You’re Going to Hear Some Bold Bets at the Sohn Investment Conference. Ignore Them.

Investors would be wise to disregard advice offered at the famed financial get-together, an Institutional Investor analysis shows.

David Einhorn at the 2018 Sohn Investment Conference (Kholood Eid/Bloomberg)

David Einhorn at the 2018 Sohn Investment Conference

(Kholood Eid/Bloomberg)

The annual Sohn Investment Conference is being held in New York City on Monday, but investors might want to think twice before tapping their phones and placing trades based on the views of the cognoscenti on the stage at Lincoln Center’s Avery Hall.

Last year’s stock picks — both longs and shorts — by some of the biggest names in hedge funds have fallen an average of 2.3 percent since they were presented at Sohn.

Moreover, that loss doesn’t include one manager’s disastrous call on Bitcoin, which is down 36 percent since last year’s event.

Last year’s stock picks by star managers David Einhorn, Larry Robbins, and Jeffrey Gundlach all lost money, while the broader market gained more than 8 percent during the same time period.

Greenlight Capital’s Einhorn — a perennial Sohn speaker — was the worst performer of the seven managers whose 2018 Sohn stock picks Institutional Investor analyzed.

Last year Einhorn called for shorting bond insurer Assured Guaranty, arguing it was a “melting ice cube” in part because it had insured defaulted Puerto Rico bonds. The stock fell sharply the day of his talk, but it has since rallied as did Puerto Rico bonds after the commonwealth cut deals with some of the bondholders last summer.


Assured Guaranty’s stock is now up 29.5 percent since Einhorn’s Sohn short call. Einhorn hasn’t disclosed whether he kept the short position on, but last year his fund fell 34 percent, and his assets sank to $2.5 billion. This year, he’s gained some of that back; his fund is up 18.7 percent through April. Einhorn declined to comment on the performance of last year’s stock pick.

Doubleline Capital’s Gundlach had another loser, calling Facebook a short. The social media giant’s stock had a wild ride last year, and many hedge funds sold out and it ended down for the year.

But the stock has come back. Since Gundlach pitched it at Sohn, Facebook is up 16.86 percent. Gundlach is speaking again this year. He did not respond to a request for comment by the time of publication.

Glenview Capital’s Robbins — another familiar face at Sohn who will be there again this year — also bombed. Robbins is a specialist in healthcare stocks, but the ones he picked last year have fallen sharply since the event. He praised the pending mergers in the industry, including Cigna’s purchase of Express Scripts and the CVS-Aetna deal — both of which have gone through. But Cigna is down 10.3 percent since last year’s New York Sohn event, and CVS is down 13.5 percent.

Robbins also pitched healthcare company McKesson, which recently paid $37 million to settle an opioid lawsuit by the state of West Virginia. It has fallen 15.7 percent since last year’s Sohn.

Notably, Robbins also had a bad year in 2018. Glenview’s flagship fund fell 16.17 percent last year, but like Einhorn is doing better this year: it is up 15.55 percent through March, according to HSBC’s hedge fund performance scorecard. As of the end of last year, Glenview still owned all three stocks he touted at Sohn last year. Robbins did not respond to a request for comment in time for publication.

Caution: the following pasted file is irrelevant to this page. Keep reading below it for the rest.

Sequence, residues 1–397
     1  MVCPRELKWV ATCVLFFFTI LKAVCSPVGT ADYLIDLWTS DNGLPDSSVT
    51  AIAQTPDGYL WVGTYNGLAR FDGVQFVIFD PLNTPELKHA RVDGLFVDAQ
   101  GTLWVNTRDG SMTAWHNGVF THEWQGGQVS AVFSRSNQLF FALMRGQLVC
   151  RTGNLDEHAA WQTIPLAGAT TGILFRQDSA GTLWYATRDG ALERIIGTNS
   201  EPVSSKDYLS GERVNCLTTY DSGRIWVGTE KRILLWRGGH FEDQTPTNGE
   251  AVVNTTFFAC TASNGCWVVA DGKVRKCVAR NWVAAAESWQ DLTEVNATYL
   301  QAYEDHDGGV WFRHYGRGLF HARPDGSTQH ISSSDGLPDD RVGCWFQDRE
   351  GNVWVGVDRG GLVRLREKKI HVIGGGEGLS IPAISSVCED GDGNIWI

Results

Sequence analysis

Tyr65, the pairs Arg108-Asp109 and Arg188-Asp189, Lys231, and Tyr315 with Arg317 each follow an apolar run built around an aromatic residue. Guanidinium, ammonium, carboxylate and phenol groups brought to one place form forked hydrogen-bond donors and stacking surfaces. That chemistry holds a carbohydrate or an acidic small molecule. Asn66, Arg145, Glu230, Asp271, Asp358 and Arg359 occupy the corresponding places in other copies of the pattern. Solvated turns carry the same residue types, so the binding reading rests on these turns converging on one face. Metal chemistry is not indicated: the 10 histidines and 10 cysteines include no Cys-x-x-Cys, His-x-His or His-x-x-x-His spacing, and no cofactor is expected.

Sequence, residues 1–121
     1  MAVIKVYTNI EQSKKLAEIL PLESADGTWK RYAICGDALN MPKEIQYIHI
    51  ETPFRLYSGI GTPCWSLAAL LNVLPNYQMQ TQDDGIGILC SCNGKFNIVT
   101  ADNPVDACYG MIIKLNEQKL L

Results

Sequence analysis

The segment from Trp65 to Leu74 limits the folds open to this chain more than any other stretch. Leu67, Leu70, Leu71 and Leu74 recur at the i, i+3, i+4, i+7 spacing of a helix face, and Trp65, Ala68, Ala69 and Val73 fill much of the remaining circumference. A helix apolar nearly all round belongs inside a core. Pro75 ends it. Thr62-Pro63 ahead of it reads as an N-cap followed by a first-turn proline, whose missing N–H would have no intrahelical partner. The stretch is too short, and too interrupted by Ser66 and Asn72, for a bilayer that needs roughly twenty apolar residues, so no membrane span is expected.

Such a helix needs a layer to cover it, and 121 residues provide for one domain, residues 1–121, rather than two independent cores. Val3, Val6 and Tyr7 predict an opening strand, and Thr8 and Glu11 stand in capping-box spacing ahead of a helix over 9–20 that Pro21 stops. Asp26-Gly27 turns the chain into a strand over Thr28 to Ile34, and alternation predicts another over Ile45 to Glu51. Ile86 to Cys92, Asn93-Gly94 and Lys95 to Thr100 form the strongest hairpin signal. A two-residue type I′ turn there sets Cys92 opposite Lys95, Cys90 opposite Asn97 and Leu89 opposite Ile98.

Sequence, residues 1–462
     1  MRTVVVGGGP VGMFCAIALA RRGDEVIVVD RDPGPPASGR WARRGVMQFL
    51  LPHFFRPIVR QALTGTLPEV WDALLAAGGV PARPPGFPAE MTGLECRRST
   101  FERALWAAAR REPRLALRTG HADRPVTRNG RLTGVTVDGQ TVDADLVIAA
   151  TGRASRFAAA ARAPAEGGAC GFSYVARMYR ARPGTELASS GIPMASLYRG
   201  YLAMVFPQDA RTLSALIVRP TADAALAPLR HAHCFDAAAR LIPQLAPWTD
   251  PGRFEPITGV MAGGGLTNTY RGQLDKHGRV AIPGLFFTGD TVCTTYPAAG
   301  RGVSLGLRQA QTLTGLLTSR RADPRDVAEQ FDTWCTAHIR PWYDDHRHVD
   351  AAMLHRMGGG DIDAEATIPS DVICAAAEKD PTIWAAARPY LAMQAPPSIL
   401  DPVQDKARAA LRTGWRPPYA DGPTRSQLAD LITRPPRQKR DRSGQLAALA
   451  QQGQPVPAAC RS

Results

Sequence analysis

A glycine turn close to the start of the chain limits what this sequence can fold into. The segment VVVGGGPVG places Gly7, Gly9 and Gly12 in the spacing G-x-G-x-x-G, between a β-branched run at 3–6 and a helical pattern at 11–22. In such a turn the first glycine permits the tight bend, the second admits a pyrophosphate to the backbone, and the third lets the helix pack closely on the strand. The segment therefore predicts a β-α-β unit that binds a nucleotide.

The big winner at last year’s event was Light Street Capital’s Glen Kacher, who had the top-performing pick among the seven presenters II analyzed.

Tiger cub Kacher recommended Palo Alto Networks, which is up by more than 30 percent since last year’s event. He said the company had the “leading hybrid security platform” at a time when “a cybersecurity war is being fought.”

Light Street is heavily invested in technology stocks, which had a rough year, but it ended up 3.5 percent in 2018. This year it had gained 12.85 percent through March, as II previously reported.

During the last quarter of 2018, Light Street sold 79 percent of its shares in Palo Alto Networks, according to securities filings. He won’t be speaking this year.

The next big winner last year was Mangrove Capital’s Nathaniel August, whose short of Eros International — a distributor of Indian films and content whose accounting August questioned — has worked out nicely for Mangrove so far. Eros’s shares have fallen 26.7 percent since August made the Sohn call.

Despite his win last year, he won’t be there this year.

Lesser gains have come to British hotelier Whitbread, the activist play by Sachem Head’s Scott Ferguson, who touted Whitbread at Sohn last year. The stock is up 5.8 percent since then — after losing 6 percent in the past five days.

Ferguson called for Whitbread, whose main business is hotels, to sell its Costa coffee chain, which it did in January. However, the decline in the UK hotel business has hurt its revenues this year, the company told investors on its recent earnings call—which led to the stock’s recent downturn.

More modest gains came from Long Pond Capital’s John Khoury, who pitched homebuilder D.R. Horton. That stock is up 2.4 percent since Sohn.

Finally, Pfeifer Capital’s John Pfeiffer predicted that Bitcoin — the cryptocurrency whose price peaked in December of 2017 — would come back. It hasn’t. Bitcoin was trading around $8,900 at the time, and it’s now $5,663, for a 36 percent decline.

Ferguson, Khoury, and Pfeiffer aren’t on this year’s speaker list.